Books I’m Reading – Winter 2011
February 23, 2011 § 2 Comments
The best part about winter is cozying up with a blanket, a hot cup of tea, and a good book–or four. Here’s what I’m reading this winter.
- Freedom by Jonathan Franzen
I loved Franzen’s last book, The Corrections, which was published almost 10 years ago, and I couldn’t wait to dive into this latest one. Franzen seems to polarize people; to some he comes off as an egotistical hack, and to others he is one of the greatest social commentators of our time. I am in the pitch-perfect brilliant camp. His satirical tales about family, society, sex, politics, and just about everything else are Jon Stewart-acerbic, hilarious, genius, and sometimes heart-breakingly tragic. I’ve only just started this book, and I’m already savoring it like a fine wine, reading it in small portions so that it will last longer.
Franzen doesn’t introduce characters with straightforward descriptions; instead, he skewers them through catty observations:
And Patty was undeniably very into her son. Though Jessica was the more obvious credit to her parents–smitten with books, devoted to wildlife, talented at flute, stalwart on the soccer field, coveted as a babysitter, not so pretty as to be morally deformed by it, admired even by Merrie Paulsen–Joey was the child Patty could not shut up about. In her chuckling, self-deprecating way, she spilled out barrel after barrel of unfiltered detail about her and Walter’s difficulties with him. Most of her stories took the form of complaints, and yet nobody doubted that she adored the boy. She was like a woman bemoaning her gorgeous jerky boyfriend. As if she were proud of having her heart trampled by him: as if her openness to this trampling were the main thing, maybe the only thing, she cared to have the world know about.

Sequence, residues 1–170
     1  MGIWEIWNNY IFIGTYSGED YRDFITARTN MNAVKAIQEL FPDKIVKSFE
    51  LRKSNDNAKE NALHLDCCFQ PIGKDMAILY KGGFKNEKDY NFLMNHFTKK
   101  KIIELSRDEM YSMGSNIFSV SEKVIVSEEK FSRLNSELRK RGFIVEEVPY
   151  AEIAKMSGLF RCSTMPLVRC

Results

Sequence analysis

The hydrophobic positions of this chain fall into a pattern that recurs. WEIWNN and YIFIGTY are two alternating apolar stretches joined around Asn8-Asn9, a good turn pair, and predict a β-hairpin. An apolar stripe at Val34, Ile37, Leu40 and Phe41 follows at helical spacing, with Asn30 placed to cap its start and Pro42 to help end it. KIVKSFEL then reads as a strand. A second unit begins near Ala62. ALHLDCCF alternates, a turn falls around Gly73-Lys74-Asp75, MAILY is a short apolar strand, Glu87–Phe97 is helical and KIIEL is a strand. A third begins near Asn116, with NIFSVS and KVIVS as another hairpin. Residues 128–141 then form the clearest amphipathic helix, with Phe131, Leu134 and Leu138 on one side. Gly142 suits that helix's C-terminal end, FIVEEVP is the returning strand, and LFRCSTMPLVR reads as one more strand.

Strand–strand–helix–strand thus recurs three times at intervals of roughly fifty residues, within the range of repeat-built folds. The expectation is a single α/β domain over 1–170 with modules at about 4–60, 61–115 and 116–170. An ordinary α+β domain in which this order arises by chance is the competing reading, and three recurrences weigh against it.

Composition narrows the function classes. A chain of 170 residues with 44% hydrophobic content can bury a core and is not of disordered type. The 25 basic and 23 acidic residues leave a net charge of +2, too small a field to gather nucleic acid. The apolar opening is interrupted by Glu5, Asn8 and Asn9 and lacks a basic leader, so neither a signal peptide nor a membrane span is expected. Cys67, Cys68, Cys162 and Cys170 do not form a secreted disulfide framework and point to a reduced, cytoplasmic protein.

And as a technical editor who has spent a lifetime breaking up and trimming compound sentences down to 25 words or less to make them easier to translate, I have a great appreciation for Franzen’s rambling, run-on sentences:
In the earliest years, when you could still drive a Volvo 240 without feeling self-conscious, the collective task in Ramsey Hill was to relearn certain life skills that your own parents had fled to the suburbs specifically to unlearn, like how to interest the local cops in actually doing their job, and how to protect a bike from a highly motivated thief, and when to bother rousting a drunk from your lawn furniture, and how to encourage feral cats to shit in somebody else’s children’s sandbox, and how to determine whether a public school sucked too much to bother trying to fix it.
Whee, a 105-word sentence–call me twisted, but that’s my idea of fun!
- R is for Ricochet by Sue Grafton
This book is from one of the only mystery/detective series that I follow, the Kinsey Millhone mysteries. I’ve been a fan since 1982, when the first book in the series, A is for Alibi, was published.
That’s way back when we wore polka dots, headbands, ripped sweatshirts hanging off of one shoulder, Ray-Ban sunglasses (at night), big permed hair, neon-colored everything, leg warmers, and all sorts of Madonna and Cyndi Lauper-inspired fashion. Scary!
Sorry, back to the present. (Do 80s flashbacks ever go away?)
I love these books for several reasons, but mostly because they are set in the fictional California town of Santa Teresa, which is modeled after the real town of Santa Barbara, where the author, Sue Grafton, is from. I grew up in Ventura, which is just south of Santa Barbara. That makes Kinsey Millhone, the fiesty, no-nonsense private detective narrator of the series, my fictional homie.